Welcome to BP Boston’s second annual Roster Recap series. Over the next few months, we’ll be analyzing every player on Boston’s 40-man roster and many of their top prospects in order to provide a comprehensive overview of the Red Sox roster’s strengths and weaknesses, as well as what we can expect moving forward. From MVP-candidate right fielders to reserve relievers, we want to give you a look at every Red Sox who might matter in 2017. View the complete list of Roster Recaps here. Enjoy!
There’s a certain string of emotions when watching sports that everyone has experienced. It’s the general “sinking stone” feeling. Your team gets out to a lead, and sure, it’s a bit shaky. You convince yourself that it’ll be okay, that the feeling is just fleeting. As if some deity heard you, everything goes bad the moment you do that. Your heart drops into your foot. It’s pure, unadulterated carnage, but you can’t stop watching. You’ve already accepted defeat and the game’s not even halfway over. Your eyes glaze over and you wish for it to end. (Eat at Arby’s.)
The Red Sox used newly-acquired Roenis Elias as a starter for one game. Go back to that last paragraph, start from “Your heart drops…”, and re-read it from there. You have now encapsulated that one start. Congratulations!
What Went Right In 2016
Literally nothing. He is a cautionary tale in what happens when you need your tenth-best starter to pitch.
Okay, maybe not nothing, but if I’m looking for a silver lining here, he at least resembled a starting pitcher in Pawtucket. Compared to the next segment, that’s pretty okay.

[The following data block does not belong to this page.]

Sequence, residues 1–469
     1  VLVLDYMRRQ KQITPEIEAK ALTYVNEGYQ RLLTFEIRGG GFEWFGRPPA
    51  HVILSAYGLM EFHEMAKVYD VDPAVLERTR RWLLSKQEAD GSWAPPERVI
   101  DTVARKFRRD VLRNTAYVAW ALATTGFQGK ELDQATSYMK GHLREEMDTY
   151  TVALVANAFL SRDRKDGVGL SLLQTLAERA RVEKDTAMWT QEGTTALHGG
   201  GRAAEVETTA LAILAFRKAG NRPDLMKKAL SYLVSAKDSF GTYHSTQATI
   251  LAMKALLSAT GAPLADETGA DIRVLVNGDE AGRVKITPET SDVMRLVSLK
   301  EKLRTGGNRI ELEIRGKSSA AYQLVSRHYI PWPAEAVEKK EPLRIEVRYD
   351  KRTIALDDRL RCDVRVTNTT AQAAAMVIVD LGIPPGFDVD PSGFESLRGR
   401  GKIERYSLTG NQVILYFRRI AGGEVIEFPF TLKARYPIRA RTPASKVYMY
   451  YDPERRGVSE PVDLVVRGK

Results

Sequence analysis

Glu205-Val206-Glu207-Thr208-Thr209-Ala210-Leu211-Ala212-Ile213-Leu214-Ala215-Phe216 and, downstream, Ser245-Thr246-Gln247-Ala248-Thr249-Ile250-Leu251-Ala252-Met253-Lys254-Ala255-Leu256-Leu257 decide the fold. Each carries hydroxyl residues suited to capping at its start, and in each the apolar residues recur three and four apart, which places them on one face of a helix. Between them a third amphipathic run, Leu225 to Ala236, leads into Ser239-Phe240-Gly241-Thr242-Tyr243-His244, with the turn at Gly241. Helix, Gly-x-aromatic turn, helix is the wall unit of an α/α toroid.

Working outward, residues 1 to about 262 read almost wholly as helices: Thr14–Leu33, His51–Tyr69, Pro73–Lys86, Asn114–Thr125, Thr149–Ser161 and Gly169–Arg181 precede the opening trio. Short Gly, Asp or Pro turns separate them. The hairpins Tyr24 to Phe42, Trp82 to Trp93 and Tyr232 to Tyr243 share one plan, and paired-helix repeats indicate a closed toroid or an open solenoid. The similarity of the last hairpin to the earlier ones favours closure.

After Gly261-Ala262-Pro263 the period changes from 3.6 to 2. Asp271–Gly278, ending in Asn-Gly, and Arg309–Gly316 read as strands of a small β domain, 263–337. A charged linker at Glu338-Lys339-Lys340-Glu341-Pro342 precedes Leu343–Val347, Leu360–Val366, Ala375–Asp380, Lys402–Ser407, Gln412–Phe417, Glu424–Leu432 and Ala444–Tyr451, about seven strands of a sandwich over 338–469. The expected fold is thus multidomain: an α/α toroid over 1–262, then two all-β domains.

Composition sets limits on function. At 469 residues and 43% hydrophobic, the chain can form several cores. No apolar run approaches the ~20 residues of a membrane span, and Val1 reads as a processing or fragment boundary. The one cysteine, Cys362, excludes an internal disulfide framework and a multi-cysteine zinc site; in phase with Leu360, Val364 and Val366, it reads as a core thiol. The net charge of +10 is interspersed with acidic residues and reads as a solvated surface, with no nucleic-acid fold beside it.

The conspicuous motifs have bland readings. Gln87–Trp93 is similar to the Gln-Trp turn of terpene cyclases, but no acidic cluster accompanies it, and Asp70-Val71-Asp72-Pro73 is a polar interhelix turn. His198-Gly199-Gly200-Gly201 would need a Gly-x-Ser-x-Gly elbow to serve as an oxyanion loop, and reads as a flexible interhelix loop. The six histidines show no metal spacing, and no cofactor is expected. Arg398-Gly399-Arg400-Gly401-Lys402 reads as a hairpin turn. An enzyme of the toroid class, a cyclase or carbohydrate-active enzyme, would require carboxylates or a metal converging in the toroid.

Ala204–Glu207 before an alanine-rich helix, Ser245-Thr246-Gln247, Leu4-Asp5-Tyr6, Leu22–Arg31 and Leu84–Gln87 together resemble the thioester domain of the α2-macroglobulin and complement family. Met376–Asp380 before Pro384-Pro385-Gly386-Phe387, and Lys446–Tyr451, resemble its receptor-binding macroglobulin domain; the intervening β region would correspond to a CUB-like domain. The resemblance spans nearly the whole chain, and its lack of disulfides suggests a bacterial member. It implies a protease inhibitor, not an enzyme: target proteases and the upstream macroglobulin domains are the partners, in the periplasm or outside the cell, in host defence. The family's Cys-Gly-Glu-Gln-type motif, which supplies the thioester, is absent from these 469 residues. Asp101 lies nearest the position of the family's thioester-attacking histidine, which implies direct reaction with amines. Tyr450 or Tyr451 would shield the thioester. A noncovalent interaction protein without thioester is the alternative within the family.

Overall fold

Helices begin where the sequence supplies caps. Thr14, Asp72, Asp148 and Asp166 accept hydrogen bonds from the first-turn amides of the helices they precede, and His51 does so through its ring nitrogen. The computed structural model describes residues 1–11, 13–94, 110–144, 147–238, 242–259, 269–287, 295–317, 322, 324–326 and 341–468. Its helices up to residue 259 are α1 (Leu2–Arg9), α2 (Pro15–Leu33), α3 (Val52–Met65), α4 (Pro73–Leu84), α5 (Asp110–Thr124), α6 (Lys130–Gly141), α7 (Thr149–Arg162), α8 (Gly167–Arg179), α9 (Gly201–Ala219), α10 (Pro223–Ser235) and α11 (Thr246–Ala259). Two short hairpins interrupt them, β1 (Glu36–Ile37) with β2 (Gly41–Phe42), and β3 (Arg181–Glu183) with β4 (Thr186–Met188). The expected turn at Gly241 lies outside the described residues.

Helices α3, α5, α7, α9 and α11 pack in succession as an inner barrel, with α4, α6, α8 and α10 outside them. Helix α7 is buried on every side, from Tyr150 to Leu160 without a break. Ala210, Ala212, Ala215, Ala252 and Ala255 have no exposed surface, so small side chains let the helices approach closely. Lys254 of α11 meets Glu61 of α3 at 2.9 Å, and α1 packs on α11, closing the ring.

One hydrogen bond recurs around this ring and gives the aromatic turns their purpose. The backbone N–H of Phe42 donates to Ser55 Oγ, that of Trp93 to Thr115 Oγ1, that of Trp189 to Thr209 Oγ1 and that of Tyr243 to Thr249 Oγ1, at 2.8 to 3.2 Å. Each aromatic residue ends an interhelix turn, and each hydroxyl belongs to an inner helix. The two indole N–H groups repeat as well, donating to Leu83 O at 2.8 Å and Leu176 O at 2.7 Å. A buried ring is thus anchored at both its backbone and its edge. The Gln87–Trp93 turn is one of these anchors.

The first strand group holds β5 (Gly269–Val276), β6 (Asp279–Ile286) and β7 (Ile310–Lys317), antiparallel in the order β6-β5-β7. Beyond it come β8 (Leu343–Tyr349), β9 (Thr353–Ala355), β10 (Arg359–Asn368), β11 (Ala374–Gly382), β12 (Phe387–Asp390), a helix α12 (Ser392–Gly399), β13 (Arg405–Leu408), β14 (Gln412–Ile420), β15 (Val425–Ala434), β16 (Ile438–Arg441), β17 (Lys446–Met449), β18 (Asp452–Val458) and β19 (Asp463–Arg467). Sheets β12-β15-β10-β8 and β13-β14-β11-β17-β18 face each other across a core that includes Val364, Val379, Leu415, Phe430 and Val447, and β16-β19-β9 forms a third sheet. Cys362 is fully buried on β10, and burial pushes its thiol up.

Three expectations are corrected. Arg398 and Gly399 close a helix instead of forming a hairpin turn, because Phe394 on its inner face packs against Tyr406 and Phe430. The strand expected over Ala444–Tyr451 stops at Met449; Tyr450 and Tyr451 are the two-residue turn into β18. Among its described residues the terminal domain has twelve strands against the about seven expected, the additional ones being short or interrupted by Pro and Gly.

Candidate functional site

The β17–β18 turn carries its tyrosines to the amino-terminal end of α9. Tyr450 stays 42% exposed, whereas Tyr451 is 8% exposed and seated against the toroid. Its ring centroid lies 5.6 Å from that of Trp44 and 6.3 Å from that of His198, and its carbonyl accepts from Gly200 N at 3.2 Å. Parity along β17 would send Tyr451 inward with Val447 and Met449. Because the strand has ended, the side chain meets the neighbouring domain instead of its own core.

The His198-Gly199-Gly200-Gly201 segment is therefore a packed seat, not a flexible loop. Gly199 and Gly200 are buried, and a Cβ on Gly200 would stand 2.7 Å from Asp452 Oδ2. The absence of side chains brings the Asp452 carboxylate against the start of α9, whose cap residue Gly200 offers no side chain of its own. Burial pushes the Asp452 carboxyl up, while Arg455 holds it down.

What Went Wrong In 2016
From the start, it was bad.
He started three games in Spring Training and turned in one decent start. He was optioned to Triple-A at the end of March, as he had no shot to make the rotation at that point. The Red Sox called him up for some bullpen help on April 22nd. The next day, the Houston Astros scored three runs off of him over 1.2 innings. Elias was sent down the day afterwards to make room for Henry Owens. Yeah. That was a thing.
Elias was then called up on June 17th to make that one fateful start against his former team, the Seattle Mariners. Here’s how Franklin Gutierrez greeted him:
Park attendants are still looking for that second home run ball. As you can expect, he was sent back down again soon after.
Third time wasn’t really the charm for Elias, as the next time he was called up, he allowed a run over two innings while facing the Arizona Diamondbacks. Not as bad as his last two outings, but still ineffective. Nine batters faced, four hits, no strikeouts, no walks. Sigh.
The Red Sox opted to go with Owens and even Sean O’Sullivan as their spot starter over Elias several times in 2016. Combine that with Carson Smith needing Tommy John surgery, and you’ve got a Wade Miley trade that did very little for either team in 2016. Not great, Bob!
What To Expect in 2017
He’s not this bad. Probably. Elias has done better in the majors before and he’s flashed limited strikeout potential. His ceiling isn’t high, but the most you can expect from him is a spot-start or two and some long relief appearances when the bullpen’s gassed. He’ll first have to be a better pitcher than Owens or even O’Sullivan if he wants to get a decent amount of innings, and if we’re being fair here, that bar isn’t set particularly high. If he can’t, he’s only a passable LOOGY that’s stuck behind Robby Scott. It’s a hard-knock life for starting pitcher depth.
Photo by Bob DeChiara/USA Today Sports Images